The United States saw 229,000 seasonally adjusted initial unemployment claims — which are filed by a jobless individual after a separation from an employer — for the week ending on June 4. The claims exceed the Dow Jones estimate of 210,000, according to CNBC.
David Bahnsen, the founder of Manhattan-based wealth management firm The Bahnsen Group, told The Daily Wire that 229,000 new weekly claims are “still a very low number.” He remarked that although he believes there will be a shift into employer pessimism, “this isn’t it yet.”
Weekly claims surpassed 6 million in April 2020 amid COVID-19 and the lockdown-induced recession, more Department of Labor data indicate. The labor market has since seen continuous recovery — reaching a post-recession low of 166,000 weekly claims in March 2022 before the current moderate spike. The results for the first week of June are similar to levels from January of this year.
Other recent reports indicate a mild slowdown in employment gains. Payroll processing company ADP announced last week that the private sector created 128,000 new jobs in the month of May — missing the Dow Jones estimate of 299,000 and falling from 202,000 new jobs created in April. The results represented the worst job growth figures since mass layoffs sent 19 million workers home in April 2020.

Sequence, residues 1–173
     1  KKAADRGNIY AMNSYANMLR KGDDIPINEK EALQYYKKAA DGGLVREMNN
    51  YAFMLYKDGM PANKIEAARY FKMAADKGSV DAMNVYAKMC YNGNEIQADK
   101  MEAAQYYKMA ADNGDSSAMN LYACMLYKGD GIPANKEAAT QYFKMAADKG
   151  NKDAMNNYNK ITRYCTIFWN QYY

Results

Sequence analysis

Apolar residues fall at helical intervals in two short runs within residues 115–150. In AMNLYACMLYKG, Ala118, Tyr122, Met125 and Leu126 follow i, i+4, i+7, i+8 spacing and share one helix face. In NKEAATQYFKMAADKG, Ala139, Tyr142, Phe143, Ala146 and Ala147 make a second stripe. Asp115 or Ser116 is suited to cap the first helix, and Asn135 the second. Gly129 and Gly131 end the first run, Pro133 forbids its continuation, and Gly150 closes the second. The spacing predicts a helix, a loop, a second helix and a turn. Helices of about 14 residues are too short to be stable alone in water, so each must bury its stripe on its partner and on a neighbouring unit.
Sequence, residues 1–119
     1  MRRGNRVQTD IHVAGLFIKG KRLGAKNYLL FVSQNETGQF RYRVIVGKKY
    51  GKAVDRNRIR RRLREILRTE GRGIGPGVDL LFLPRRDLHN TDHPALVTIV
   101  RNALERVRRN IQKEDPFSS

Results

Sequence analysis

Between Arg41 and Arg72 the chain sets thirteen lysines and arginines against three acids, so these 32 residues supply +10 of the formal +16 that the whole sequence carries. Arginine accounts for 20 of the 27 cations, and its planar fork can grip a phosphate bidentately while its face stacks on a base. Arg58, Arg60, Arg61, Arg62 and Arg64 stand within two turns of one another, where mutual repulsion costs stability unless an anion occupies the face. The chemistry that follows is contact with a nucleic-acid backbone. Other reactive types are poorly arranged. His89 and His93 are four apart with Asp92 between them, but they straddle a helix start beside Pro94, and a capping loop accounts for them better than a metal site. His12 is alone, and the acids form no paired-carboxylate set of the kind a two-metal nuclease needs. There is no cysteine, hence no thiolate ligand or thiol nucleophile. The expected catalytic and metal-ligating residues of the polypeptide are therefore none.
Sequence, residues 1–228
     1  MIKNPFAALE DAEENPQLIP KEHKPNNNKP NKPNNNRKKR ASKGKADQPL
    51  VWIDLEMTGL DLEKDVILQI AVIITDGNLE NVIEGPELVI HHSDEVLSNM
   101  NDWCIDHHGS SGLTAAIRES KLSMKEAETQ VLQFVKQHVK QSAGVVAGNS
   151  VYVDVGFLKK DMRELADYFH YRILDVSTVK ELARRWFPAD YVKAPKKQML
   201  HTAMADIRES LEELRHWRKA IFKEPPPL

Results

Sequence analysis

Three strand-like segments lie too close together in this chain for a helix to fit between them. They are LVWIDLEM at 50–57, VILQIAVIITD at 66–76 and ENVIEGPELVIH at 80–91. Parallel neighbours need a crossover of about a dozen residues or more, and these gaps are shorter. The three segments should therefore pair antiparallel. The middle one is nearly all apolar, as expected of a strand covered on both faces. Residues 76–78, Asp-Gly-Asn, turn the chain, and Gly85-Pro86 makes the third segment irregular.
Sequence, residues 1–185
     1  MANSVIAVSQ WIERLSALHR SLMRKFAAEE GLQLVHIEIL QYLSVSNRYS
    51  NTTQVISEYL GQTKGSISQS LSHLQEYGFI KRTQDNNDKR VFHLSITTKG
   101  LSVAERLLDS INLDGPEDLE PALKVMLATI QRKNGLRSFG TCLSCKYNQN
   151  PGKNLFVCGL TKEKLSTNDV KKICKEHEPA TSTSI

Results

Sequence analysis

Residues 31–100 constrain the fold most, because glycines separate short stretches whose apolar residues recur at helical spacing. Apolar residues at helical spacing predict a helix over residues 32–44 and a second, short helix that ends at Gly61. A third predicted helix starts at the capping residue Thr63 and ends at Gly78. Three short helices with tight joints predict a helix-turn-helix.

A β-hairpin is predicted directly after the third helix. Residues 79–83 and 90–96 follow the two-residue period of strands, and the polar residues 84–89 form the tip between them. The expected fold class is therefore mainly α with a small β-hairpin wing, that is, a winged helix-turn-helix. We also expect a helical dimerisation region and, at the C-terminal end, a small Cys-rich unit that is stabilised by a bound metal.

Companies with fewer than 50 workers saw payrolls fall by 91,000. The majority of the aforementioned layoffs — 78,000 — were experienced by companies with fewer than 20 workers.
“Under a backdrop of a tight labor market and elevated inflation, monthly job gains are closer to pre-pandemic levels,” ADP chief economist Nela Richardson said, per CNBC. “The job growth rate of hiring has tempered across all industries, while small businesses remain a source of concern as they struggle to keep up with larger firms that have been booming as of late.”
Many economists consider the labor market to be a bright spot amid multiple economic headwinds — including rising price levels, supply chain woes, and the Russian invasion of Ukraine. After nearing 15% following government lockdown orders in the spring of 2020, unemployment rates gradually fell to their current levels of 3.6%, according to data from the U.S. Bureau of Labor Statistics.
Accordingly, messaging from the Biden administration has focused on high employment — without recognizing that much of the job growth occurred as the United States regained lost positions rather than creating new ones from scratch.
“President Biden is building a better America,” a post from the White House claimed in May. “The U.S. economy has added nearly 8 million jobs since President Biden took office and experienced the greatest year of job growth under any President in history last year.”
Likewise, a January tweet from the White House highlighted job gains under Biden as several times higher than his predecessors. The message, however, failed to recognize that the White House was comparing gains over the course of one year to predecessors’ four-year and eight-year terms. “Don’t count your chickens before they hatch,” Washington Post fact-checker Glenn Kessler remarked.
Though unemployment remains low, inflation has led to a decrease in real average hourly earnings — meaning that Americans must work more to enjoy the same standard of living witnessed before the post-recession inflation hikes.